Elephants hold funerals for their dead, with each member of the group tracing their trunk along the body of their dead counterpart. They apparently return to the site of the burial (yes, they bury them, too) one year later to mourn. Milking cows howl in grief when their calves are taken from them, and cattle scream in terror on their way to slaughter. We need only look as far as our own homes for evidence of animals thinking. My parents’ dogs have a basket full of stuffed animals and rubber squeaky toys, which they routinely dig through to find a particular object — an example of an animal choosing something, or thinking about and acting upon a preference.
When I had a conversation about animal intelligence with a friend once, he tried to tell me that cats are the only intelligent, thoughtful animals. “Cats are special,” he said. I realized that he only believes this because cats are the only animals he has ever had personal relationships with. So I asked him — isn’t it a bit of a coincidence that the only animals you’ve ever known personally happen to be the only smart ones?
There are demonstrations of animal thinking all over the animal kingdom, so the problem is not in finding examples. The challenge lies in convincing people that these are not special cases. In these instances I try to remind people that a significant portion of human communication occurs through body language, so why is it such a stretch to acknowledge, validate and believe in the nonverbal communication we read in other animals? The cross-species divide is a chasm that many people find difficult to jump across. This is true for a lot of reasons, but there are two that stand out:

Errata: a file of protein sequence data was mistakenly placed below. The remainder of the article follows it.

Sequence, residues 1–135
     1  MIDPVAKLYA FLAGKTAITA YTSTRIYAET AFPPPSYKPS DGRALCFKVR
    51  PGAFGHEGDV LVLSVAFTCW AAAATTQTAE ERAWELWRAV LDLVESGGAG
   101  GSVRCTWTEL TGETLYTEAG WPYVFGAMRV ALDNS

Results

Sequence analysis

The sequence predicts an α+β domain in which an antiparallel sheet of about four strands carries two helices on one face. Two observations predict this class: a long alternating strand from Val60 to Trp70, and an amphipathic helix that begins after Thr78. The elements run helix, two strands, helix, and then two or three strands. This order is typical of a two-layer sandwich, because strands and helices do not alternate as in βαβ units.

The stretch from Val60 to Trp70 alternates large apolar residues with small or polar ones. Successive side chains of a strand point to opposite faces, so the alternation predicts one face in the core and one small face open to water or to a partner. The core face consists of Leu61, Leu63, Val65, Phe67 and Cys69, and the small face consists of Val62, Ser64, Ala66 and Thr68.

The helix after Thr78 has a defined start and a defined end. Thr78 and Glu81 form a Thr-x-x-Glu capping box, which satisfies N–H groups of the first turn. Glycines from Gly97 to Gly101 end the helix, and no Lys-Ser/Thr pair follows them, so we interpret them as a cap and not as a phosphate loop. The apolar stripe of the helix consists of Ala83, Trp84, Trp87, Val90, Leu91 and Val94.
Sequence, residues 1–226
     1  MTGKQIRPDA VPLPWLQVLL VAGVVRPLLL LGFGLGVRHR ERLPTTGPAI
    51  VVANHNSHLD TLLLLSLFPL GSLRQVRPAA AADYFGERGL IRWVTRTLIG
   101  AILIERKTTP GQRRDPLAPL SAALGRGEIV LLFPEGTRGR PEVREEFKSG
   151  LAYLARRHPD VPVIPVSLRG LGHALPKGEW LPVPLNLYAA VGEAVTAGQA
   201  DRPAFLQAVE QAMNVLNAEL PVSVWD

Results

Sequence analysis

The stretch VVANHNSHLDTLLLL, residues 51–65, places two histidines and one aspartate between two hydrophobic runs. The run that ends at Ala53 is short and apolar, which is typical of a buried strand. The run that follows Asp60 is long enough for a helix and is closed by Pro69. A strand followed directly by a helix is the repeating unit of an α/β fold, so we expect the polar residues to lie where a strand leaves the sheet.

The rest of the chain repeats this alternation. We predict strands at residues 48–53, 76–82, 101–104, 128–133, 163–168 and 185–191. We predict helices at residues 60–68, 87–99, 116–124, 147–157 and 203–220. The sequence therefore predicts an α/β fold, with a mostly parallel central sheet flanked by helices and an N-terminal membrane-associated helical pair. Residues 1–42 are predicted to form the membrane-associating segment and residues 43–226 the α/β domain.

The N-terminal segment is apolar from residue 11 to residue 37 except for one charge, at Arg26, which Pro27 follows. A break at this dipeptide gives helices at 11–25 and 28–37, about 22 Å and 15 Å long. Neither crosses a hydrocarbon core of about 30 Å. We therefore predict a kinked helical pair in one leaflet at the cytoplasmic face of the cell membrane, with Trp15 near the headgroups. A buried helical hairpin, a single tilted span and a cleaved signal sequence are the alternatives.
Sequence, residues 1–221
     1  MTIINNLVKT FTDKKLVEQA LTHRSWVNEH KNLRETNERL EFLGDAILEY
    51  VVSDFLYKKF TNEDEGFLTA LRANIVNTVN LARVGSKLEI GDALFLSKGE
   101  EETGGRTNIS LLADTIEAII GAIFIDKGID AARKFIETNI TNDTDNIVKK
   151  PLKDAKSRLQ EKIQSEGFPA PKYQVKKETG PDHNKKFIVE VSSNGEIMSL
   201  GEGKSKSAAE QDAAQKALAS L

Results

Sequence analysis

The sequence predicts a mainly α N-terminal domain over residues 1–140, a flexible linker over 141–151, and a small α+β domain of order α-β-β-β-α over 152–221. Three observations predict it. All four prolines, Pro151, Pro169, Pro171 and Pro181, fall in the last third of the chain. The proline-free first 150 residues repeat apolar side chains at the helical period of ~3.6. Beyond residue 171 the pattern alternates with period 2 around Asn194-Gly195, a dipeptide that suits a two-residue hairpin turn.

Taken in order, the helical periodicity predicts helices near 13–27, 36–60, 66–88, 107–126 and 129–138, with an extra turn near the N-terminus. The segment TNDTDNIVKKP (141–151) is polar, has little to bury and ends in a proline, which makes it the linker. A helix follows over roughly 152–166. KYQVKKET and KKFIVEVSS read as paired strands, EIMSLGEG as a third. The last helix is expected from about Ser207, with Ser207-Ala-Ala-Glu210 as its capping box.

- Accepting that animals feel, think and emote challenges the status quo of how we treat them. If a cow mourns the loss of her calf, it might force us to reflect upon a dairy industry that routinely causes such distress. If cattle scream when they know they’re about to die, or apes vividly remember their own abduction from the wild, it may cause us to wonder if we are supporting industries of extreme torture ever time we eat hamburgers or take medication that was tested on apes.
- Accepting that animals feel, think and emote means we are not as special as we once thought we were. It reveals that our dominion over other animals is not justified simply because we are intelligent. Everything we thought was unique about ourselves reflects the differences between us and other animals, just as much as it reflect the similarities. While we are unique, we may not be more unique than any other species.
My point is not necessarily to condemn anyone for eating meat or taking pharmaceuticals. I myself do both things on occasion. But I do think that we are long overdue to take a serious look at the animals among us, and to wonder what makes it so hard to accept that animals can think. Not long ago, general consensus was that animals can not feel physical pain. While there are some people who do still believe this, most people see that perspective as terribly misinformed. My hope is that in a matter of decades, the capacity of animals to feel emotion and to think will be common and accepted knowledge.
(Rudi Dog Woof cartoon above is from the Sandoval Signpost Newsmagazine)